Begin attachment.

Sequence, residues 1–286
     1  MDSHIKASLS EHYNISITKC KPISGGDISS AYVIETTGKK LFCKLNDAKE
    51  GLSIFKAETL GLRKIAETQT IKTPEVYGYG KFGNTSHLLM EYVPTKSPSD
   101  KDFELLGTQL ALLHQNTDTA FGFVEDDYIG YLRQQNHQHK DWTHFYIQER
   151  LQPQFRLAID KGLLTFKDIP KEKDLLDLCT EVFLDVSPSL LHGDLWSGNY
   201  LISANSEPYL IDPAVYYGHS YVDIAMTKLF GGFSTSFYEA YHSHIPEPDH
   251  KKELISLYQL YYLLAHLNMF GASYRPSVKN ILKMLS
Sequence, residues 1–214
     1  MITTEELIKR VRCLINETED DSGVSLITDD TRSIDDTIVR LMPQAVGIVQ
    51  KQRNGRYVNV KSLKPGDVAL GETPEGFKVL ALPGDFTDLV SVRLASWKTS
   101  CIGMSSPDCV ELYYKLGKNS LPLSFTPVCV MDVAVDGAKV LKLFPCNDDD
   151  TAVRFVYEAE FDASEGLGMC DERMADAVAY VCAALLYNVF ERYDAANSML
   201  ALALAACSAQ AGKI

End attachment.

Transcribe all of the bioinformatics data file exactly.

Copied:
Sequence, residues 1–286
     1  MDSHIKASLS EHYNISITKC KPISGGDISS AYVIETTGKK LFCKLNDAKE
    51  GLSIFKAETL GLRKIAETQT IKTPEVYGYG KFGNTSHLLM EYVPTKSPSD
   101  KDFELLGTQL ALLHQNTDTA FGFVEDDYIG YLRQQNHQHK DWTHFYIQER
   151  LQPQFRLAID KGLLTFKDIP KEKDLLDLCT EVFLDVSPSL LHGDLWSGNY
   201  LISANSEPYL IDPAVYYGHS YVDIAMTKLF GGFSTSFYEA YHSHIPEPDH
   251  KKELISLYQL YYLLAHLNMF GASYRPSVKN ILKMLS
Sequence, residues 1–214
     1  MITTEELIKR VRCLINETED DSGVSLITDD TRSIDDTIVR LMPQAVGIVQ
    51  KQRNGRYVNV KSLKPGDVAL GETPEGFKVL ALPGDFTDLV SVRLASWKTS
   101  CIGMSSPDCV ELYYKLGKNS LPLSFTPVCV MDVAVDGAKV LKLFPCNDDD
   151  TAVRFVYEAE FDASEGLGMC DERMADAVAY VCAALLYNVF ERYDAANSML
   201  ALALAACSAQ AGKI